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Academic Centrarchy: a Political System of Governing Education and Technology

Abstract

This article relies on two international projects to argue for the existence of a ‘centrarchy’ in the fields of education and technology (and beyond). Centrarchy denotes a power structure in which power rests with ‘the Centre’. The Centre signifies well-respected departments, top-tiered journals, the best editors, critical reviewers and leading authors; the Periphery denotes anyone else. The Centre has assigned itself the mission of guiding the Periphery out of its underdevelopment. It has served as a proxy for quality scholarship and believes that Periphery’s societies require a saviour (the Centre). It has ignored the knowledge that has (and could have) been produced by the Periphery’s researchers. Its ways of researching the world have been internalised and taken for granted by the Periphery’s academics, who have come to see these ways as the natural order and common sense. It has seen the Periphery’s societies as outliers appropriate merely for local case studies, whereas its case studies transcend locality and have universal value. The Centre–Periphery ‘wall’ is unbreachable because of empirically uninspected factors, which are unearthed here. This article, furthermore, shows some academics to be on ‘the periphery of the Periphery’.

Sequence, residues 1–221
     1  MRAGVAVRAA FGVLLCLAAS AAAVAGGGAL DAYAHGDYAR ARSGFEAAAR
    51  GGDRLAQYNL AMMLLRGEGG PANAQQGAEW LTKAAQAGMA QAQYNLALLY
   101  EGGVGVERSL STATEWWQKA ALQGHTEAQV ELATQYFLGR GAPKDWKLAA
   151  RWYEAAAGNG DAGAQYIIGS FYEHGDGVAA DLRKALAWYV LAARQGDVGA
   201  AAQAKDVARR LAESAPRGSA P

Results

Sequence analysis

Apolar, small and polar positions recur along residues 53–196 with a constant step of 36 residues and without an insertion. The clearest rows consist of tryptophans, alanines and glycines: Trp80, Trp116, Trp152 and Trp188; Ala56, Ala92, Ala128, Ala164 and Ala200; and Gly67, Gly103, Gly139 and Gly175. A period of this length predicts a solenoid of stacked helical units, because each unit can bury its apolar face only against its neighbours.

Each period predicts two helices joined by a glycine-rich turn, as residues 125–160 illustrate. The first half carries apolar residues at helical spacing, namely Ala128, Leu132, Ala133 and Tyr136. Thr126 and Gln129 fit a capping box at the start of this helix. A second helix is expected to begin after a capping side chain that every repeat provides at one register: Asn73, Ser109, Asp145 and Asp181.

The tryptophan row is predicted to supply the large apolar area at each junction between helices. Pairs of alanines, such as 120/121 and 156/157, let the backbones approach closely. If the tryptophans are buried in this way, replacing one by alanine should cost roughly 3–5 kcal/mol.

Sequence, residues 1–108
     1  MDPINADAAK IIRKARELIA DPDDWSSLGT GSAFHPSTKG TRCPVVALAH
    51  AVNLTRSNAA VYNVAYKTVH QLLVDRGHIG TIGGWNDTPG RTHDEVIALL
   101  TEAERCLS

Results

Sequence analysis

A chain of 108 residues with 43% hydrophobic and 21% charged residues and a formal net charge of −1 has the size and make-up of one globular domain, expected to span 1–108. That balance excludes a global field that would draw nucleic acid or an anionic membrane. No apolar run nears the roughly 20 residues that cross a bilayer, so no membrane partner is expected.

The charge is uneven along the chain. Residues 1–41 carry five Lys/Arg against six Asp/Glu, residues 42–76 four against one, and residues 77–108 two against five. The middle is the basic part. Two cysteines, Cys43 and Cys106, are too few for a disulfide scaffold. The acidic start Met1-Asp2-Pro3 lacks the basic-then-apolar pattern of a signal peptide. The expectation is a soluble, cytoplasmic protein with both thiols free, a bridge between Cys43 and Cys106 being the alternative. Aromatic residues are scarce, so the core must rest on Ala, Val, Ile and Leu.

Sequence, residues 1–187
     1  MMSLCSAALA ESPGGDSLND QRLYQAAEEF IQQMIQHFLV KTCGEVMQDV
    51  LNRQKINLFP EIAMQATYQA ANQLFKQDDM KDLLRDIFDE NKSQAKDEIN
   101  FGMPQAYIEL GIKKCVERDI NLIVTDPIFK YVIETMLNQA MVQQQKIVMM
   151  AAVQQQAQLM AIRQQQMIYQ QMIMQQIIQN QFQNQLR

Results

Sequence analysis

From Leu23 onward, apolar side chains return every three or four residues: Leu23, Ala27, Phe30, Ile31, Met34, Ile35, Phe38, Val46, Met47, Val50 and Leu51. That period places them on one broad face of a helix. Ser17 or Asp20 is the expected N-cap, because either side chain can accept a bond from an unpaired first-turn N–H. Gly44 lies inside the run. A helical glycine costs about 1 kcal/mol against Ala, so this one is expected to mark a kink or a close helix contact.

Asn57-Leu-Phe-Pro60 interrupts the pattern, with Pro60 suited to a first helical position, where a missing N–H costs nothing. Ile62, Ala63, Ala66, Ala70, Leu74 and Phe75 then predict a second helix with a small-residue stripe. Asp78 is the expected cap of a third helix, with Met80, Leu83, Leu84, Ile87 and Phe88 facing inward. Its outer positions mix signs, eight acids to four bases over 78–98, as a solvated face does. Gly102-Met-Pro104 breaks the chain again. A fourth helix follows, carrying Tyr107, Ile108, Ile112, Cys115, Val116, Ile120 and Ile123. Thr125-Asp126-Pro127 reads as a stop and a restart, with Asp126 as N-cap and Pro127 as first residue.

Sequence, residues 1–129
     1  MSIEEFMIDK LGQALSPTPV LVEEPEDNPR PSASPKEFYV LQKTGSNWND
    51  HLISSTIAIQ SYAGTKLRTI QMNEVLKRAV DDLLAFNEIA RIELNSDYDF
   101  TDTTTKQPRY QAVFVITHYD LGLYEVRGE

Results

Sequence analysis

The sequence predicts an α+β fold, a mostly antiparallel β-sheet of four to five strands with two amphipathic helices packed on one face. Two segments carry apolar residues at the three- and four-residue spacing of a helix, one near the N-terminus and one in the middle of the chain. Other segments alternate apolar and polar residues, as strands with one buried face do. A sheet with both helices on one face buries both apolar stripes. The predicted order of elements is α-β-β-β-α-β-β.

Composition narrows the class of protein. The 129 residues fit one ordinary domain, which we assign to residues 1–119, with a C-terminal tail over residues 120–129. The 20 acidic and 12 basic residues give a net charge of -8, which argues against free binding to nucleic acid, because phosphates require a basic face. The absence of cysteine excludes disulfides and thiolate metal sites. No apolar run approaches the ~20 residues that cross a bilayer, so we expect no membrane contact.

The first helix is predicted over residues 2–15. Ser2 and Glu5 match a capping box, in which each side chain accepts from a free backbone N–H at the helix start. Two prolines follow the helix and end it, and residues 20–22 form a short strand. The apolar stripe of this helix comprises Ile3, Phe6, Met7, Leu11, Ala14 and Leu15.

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Acknowledgements

The author (i.e. the mediator of the crowd-authoring project and the first crowd-author) would like to thank the other crowd-authors for their collaboration and critical engagement with the project.

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Correspondence to Abdulrahman Essa Al Lily.

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Al Lily, A.E. Academic Centrarchy: a Political System of Governing Education and Technology. J Acad Ethics 20, 23–38 (2022). https://doi.org/10.1007/s10805-020-09374-1

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  • DOI: https://doi.org/10.1007/s10805-020-09374-1

Keywords

  • Education
  • Technology
  • International organisation
  • International politics
  • Academia
  • Management